More often than not, racial discrimination is used to uphold White supremacy. Perpetuating long-held preconceptions keeps them at the top of the heap among other races. When the controlled race and the media perpetuating stereotypes are present together, this works more effectively (Chin and Chan 65).
Asian-American males’ perception of their masculinity is still impacted by racism. For instance, William Hung is an Asian-American engineering student who is dealing with racism in his music career. It is clear from the online fan outcry that Asian-American actors find Hung to be racist. Guillermo emphasizes in his essay that people are oblivious of racism until it has already ingrained itself into their lives to the point that it has become a part of their culture and very existence (Guillermo 1).
Sharp teeth, tiny eyes, accents, and height are among the most prevalent misconceptions of Asian Americans in the US. William Hung undoubtedly stands for the status quo in the ongoing practice of racism. Guillermo claims that Hung competed on American Idol and rose to fame mostly because he resembled the stereotype of an Asian-American held by many Americans. Concerning this, Kathie Lee Gifford, an image consultant and expert makes fun of Hung and remarks that if his teeth were corrected, his career would be over. Therefore, despite the protests of his Asian-American peers, Hung is compelled by those conditions to keep spreading the prejudices.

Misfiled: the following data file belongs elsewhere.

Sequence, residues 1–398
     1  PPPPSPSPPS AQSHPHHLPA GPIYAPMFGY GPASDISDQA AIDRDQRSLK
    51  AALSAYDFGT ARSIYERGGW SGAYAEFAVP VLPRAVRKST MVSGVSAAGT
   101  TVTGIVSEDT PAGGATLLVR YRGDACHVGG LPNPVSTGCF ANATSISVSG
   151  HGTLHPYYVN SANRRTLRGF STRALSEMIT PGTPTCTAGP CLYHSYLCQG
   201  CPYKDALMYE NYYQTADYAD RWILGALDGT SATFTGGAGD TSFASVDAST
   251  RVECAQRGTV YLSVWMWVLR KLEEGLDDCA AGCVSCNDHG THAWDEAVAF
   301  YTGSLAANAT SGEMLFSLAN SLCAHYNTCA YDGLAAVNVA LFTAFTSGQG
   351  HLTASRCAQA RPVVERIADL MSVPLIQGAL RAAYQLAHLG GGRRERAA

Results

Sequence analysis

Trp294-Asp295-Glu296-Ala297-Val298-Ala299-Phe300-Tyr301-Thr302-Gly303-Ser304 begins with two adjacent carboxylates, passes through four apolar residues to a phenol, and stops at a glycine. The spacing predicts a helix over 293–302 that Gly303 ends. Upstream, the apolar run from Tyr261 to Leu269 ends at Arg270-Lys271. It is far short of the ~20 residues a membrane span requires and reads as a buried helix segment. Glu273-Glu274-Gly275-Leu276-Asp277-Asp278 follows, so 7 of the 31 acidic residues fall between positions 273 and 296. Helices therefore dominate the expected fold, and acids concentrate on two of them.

Additionally, according to Alan Grunblatt, executive vice president and general manager of Koch Records, Hung’s accent makes his songs amusing and draws a large audience. This demonstrates unequivocally that Hung employs the stereotypical accent to make his music more relatable and endearing, even though Americans despise and think nothing of him.
Asian-American performers are upset because the stereotype will spread if Hung becomes well-known for playing an archetypal Asian male. The burden of racism in this situation is that Asian Americans must combat the stereotypes that a racist America has created about them. Therefore, they contend that fame shouldn’t be determined by appearance or accent because doing so would only serve to reinforce negative stereotypes.